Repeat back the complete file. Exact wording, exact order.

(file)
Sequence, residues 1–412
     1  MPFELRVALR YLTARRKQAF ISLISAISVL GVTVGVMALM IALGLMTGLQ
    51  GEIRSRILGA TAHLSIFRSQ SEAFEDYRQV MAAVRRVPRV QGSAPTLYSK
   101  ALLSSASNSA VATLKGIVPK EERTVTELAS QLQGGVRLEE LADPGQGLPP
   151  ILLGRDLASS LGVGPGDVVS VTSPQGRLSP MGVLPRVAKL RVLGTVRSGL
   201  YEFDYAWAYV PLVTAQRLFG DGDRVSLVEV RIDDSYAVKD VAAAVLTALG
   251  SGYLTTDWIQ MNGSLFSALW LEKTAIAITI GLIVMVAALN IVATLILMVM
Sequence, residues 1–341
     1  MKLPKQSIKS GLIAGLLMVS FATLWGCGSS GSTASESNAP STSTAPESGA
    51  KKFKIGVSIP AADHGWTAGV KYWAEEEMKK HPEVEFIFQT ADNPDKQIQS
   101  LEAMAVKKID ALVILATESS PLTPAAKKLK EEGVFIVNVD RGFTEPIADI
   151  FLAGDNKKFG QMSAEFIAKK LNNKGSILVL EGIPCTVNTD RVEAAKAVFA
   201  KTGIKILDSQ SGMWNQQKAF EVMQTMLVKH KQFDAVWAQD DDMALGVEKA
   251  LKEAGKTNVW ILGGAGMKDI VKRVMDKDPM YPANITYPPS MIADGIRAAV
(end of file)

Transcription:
Sequence, residues 1–412
     1  MPFELRVALR YLTARRKQAF ISLISAISVL GVTVGVMALM IALGLMTGLQ
    51  GEIRSRILGA TAHLSIFRSQ SEAFEDYRQV MAAVRRVPRV QGSAPTLYSK
   101  ALLSSASNSA VATLKGIVPK EERTVTELAS QLQGGVRLEE LADPGQGLPP
   151  ILLGRDLASS LGVGPGDVVS VTSPQGRLSP MGVLPRVAKL RVLGTVRSGL
   201  YEFDYAWAYV PLVTAQRLFG DGDRVSLVEV RIDDSYAVKD VAAAVLTALG
   251  SGYLTTDWIQ MNGSLFSALW LEKTAIAITI GLIVMVAALN IVATLILMVM
Sequence, residues 1–341
     1  MKLPKQSIKS GLIAGLLMVS FATLWGCGSS GSTASESNAP STSTAPESGA
    51  KKFKIGVSIP AADHGWTAGV KYWAEEEMKK HPEVEFIFQT ADNPDKQIQS
   101  LEAMAVKKID ALVILATESS PLTPAAKKLK EEGVFIVNVD RGFTEPIADI
   151  FLAGDNKKFG QMSAEFIAKK LNNKGSILVL EGIPCTVNTD RVEAAKAVFA
   201  KTGIKILDSQ SGMWNQQKAF EVMQTMLVKH KQFDAVWAQD DDMALGVEKA
   251  LKEAGKTNVW ILGGAGMKDI VKRVMDKDPM YPANITYPPS MIADGIRAAV